As a matter of practice however, it is likely that local governments will begin preparing new local planning schemes to accommodate the amalgamations and boundary changes. Landowners in affected areas should consider the extent to which changes in the local planning framework may affect the development potential of their land.
On this note, landowners in affected areas may also consider submitting proposals to the incoming local government, the Western Australian Planning Commission (WAPC) and the Minister for Planning regarding the future planning constraints of the affected area, with a view to influencing the future planning direction with respect to the area. Such submissions should ideally be made as early as possible and well in advance of any new local planning scheme being adopted following the amalgamations and boundary changes.
The local government amalgamations and boundary changes are likely to cause complications both legally and practically for years to come.
If you have any queries about how these changes and transitional arrangements affect your property, please contact a member of Lavan Legal's Planning, Environment and Land Compensation Team.
The WAPC has announced changes to the Residential Design Codes. These changes were gazetted on 2 August 2013.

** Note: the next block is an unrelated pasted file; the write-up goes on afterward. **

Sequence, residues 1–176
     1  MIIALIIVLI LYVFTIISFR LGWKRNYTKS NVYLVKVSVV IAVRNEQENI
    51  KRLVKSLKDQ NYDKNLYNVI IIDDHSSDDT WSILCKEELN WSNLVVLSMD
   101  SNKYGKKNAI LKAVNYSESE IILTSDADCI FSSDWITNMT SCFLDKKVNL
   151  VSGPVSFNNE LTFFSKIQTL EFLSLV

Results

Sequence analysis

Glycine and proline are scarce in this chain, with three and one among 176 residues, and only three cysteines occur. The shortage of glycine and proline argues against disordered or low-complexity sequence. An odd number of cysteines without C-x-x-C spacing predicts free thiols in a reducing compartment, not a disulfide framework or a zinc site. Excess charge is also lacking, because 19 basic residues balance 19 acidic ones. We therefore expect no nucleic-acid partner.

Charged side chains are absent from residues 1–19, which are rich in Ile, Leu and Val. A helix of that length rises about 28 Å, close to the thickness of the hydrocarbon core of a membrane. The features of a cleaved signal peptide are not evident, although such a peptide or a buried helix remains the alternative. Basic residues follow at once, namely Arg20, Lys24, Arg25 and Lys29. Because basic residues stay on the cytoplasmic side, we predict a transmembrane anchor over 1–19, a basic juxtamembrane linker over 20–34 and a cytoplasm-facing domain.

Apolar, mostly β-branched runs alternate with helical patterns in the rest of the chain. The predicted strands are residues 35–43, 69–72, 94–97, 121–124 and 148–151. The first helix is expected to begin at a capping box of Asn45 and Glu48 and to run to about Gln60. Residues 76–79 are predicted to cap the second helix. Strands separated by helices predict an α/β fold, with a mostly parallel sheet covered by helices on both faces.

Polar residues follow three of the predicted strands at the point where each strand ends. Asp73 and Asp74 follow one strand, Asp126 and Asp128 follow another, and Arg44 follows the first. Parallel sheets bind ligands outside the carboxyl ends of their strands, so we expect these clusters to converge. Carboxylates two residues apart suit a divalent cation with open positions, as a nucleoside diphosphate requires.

Key changes to the Residential Design Codes include a reduction in the minimum lot size for which planning approval is required for a single dwelling and the removal of the requirement that “granny flats” may only be occupied by a relative of the landowner.
If you have any further queries in relation to the impact of these changes on your development or proposals for developments, please do not hesitate to contact Tom Mouritz.
The WAPC has also announced changes to the State Coastal Planning Policy. These changes were gazetted on 30 July 2013.
The State Coastal Planning Policy guides decision-making with respect to development in close proximity to the Western Australian coastline. This is achieved through mechanisms such as the establishment of foreshore reserves. For more information about coastal planning generally, please see our Environmental Update dated 6 March 2013.
If you have any further queries in relation to the gazettal of the State Coastal Planning Policy, please do not hesitate to contact Clare Gleeson.
After being passed in parliament over a year ago, the Commercial Arbitration Act 2012 (WA) (2012 Act) was proclaimed to commence on 7 August 2013, repealing the Commercial Arbitration Act 1985 (1985 Act).